I would love to hear your thoughts if you're willing to share.


Thanks again so much for being a part of this conversation!  I love doing this with you! :)

Monday, February 1, 2016

Words of Affirmation: a hole in your heart shaped like words

When my mom was a young girl in the 1950s she was a top-notch student.  Sharing her straight A report card with her mom, though, was a very deflating experience.  My grandmother never praised her.  My mom was so desperate for affirmation that she made it a habit to take her report card to show to a friend's mom who would lavish her with adulation!

If you can relate to any part of this story, you are someone with a "words of affirmation" primary love
language.

This is not some self-absorbed means of boosting your ego.  Your heart is shaped to be filled with words, and almost nothing else can fill up that spot.

If you grew up with a parent or parents who neglecting this love language, you have probably become painfully aware of your need for it.  On the other hand, if you had parents who spoke it well,  you probably felt very loved, and may even not realize how crucial it is to your sense of wholeness.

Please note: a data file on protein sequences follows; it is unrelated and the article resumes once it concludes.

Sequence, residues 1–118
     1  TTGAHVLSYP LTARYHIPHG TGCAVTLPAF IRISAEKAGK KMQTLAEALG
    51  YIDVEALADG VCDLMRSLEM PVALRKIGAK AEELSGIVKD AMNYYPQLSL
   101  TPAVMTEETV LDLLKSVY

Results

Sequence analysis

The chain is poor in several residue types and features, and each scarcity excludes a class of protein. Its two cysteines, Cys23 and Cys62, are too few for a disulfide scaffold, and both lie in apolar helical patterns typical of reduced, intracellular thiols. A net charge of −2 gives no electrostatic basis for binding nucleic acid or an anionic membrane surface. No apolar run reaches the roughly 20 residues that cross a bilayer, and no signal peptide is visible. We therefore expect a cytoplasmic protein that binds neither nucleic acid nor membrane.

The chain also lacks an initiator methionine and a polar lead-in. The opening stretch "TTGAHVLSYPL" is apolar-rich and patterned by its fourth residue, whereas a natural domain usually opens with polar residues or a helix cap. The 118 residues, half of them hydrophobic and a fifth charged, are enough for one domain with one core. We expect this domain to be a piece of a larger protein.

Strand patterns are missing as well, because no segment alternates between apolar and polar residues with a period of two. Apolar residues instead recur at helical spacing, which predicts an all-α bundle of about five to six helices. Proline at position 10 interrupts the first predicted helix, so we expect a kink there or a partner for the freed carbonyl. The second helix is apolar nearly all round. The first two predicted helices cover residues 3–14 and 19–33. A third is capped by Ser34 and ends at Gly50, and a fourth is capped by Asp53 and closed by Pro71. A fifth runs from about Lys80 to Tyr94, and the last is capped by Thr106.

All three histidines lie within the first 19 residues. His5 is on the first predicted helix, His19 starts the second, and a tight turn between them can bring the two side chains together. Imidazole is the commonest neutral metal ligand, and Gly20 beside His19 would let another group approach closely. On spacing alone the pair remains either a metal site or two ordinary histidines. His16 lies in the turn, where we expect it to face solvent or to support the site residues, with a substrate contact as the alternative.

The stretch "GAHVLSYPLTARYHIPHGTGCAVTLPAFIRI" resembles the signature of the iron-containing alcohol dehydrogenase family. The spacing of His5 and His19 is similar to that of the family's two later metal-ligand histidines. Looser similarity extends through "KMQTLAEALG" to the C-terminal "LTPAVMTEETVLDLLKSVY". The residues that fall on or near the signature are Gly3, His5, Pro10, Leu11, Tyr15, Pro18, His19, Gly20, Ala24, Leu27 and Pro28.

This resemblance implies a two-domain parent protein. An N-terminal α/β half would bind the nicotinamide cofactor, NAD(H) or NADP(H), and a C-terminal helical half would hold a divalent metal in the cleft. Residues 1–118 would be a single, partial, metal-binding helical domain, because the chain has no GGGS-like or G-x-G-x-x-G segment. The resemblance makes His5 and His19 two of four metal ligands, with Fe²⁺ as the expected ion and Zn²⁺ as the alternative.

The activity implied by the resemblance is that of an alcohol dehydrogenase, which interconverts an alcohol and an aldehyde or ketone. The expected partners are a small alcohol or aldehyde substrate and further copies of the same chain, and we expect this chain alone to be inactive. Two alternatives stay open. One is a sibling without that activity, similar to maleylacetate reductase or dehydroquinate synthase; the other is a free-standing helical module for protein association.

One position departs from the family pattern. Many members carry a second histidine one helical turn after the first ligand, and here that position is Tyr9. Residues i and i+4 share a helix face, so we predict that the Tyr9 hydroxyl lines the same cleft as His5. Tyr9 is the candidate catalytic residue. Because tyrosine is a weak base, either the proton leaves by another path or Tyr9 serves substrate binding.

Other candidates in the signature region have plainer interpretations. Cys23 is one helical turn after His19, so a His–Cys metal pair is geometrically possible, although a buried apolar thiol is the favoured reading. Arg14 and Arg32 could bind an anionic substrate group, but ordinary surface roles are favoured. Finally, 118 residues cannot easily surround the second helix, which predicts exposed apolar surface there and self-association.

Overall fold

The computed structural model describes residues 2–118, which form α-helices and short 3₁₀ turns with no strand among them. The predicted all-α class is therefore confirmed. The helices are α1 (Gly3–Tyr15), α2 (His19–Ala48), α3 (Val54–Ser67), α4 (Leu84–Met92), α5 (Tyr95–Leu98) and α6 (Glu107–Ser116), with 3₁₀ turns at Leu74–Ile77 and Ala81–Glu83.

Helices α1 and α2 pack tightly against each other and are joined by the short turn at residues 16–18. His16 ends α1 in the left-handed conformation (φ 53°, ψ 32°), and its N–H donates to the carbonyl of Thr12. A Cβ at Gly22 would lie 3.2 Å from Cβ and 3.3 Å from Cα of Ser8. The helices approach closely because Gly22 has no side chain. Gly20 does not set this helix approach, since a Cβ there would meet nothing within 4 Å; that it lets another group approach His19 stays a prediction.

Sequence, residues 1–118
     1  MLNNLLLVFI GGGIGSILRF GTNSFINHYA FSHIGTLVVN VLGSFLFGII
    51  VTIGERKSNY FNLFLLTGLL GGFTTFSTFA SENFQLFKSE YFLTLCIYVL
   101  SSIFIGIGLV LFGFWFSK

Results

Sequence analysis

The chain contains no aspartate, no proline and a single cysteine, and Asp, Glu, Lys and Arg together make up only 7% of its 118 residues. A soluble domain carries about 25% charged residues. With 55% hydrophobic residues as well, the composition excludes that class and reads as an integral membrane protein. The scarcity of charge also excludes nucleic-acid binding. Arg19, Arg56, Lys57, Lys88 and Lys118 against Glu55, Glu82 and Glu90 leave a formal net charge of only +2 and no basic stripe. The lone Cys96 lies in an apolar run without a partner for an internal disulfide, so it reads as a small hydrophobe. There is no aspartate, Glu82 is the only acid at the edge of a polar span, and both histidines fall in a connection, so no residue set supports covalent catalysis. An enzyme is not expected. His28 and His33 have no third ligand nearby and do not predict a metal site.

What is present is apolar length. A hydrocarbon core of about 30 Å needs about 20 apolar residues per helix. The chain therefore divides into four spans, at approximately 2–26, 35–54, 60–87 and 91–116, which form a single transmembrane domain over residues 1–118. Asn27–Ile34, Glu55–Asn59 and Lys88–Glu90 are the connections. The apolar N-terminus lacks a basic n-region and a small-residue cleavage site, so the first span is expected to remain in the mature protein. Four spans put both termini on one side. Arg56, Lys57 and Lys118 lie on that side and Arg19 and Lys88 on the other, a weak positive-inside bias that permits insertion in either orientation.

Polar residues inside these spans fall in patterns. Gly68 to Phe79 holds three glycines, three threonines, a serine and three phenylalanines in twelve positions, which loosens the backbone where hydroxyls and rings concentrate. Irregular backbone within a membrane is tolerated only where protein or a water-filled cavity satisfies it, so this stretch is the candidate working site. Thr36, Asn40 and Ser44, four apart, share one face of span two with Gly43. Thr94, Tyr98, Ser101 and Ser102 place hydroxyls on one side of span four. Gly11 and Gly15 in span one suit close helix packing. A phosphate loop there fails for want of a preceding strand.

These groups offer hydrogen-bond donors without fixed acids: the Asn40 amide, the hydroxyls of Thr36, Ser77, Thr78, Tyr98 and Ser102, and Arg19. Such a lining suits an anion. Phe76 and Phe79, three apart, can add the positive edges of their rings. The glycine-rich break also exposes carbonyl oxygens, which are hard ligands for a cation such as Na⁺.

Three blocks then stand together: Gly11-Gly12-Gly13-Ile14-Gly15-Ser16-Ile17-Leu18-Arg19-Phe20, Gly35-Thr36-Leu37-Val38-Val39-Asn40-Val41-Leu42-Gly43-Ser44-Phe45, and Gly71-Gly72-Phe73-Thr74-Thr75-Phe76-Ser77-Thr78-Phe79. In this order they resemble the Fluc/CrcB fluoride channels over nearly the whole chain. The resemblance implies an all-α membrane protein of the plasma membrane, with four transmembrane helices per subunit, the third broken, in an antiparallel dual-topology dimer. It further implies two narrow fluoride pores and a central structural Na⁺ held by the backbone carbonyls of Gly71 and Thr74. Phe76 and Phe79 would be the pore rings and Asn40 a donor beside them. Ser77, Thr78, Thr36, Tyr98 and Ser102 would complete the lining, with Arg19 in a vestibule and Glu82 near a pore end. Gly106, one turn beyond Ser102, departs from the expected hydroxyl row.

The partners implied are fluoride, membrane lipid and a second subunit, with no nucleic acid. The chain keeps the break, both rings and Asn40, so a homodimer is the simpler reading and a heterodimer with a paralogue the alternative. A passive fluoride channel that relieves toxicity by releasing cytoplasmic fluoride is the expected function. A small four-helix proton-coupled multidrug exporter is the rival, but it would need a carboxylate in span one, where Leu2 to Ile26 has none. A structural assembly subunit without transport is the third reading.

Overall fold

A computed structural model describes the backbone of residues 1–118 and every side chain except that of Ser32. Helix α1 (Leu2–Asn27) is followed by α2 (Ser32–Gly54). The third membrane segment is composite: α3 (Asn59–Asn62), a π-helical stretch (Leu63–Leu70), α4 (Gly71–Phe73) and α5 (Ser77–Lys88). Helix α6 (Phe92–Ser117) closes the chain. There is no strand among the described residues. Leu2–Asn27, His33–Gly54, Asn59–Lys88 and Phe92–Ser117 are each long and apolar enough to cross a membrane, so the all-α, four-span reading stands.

Either way, the man or woman you married, if your relationship is at a healthy place, wants to love you, but if he or she doesn't speak words of affirmation readily,  you will need to verbalize your need.

Explain what it does for you when they say "I love you" or verbally praise the work that you did or what you did in bed that really revved their engine.

Don't ask for affirmation as an act of nagging, but as a way to create motivation for your spouse to speak love in the way you hear it best.

Once you have that conversation, hear me saying via the mysterious internet: "Good job!"  

Saturday, January 30, 2016

Are you in the mood? Maybe it doesn't matter.

Imagine your life if you only did the following activities when you were in the mood:

  • going to work
  • grocery shopping
  • spending time with your kids
  • talking to your friends
  • getting dressed


You would be financially strapped, hungry, distant from your kids, friendless, and slovenly.

Yet, isn't it funny that we often feel like sex with our spouse should only happen when we're both in the mood?

Alison Armstrong says in The Queen's Code: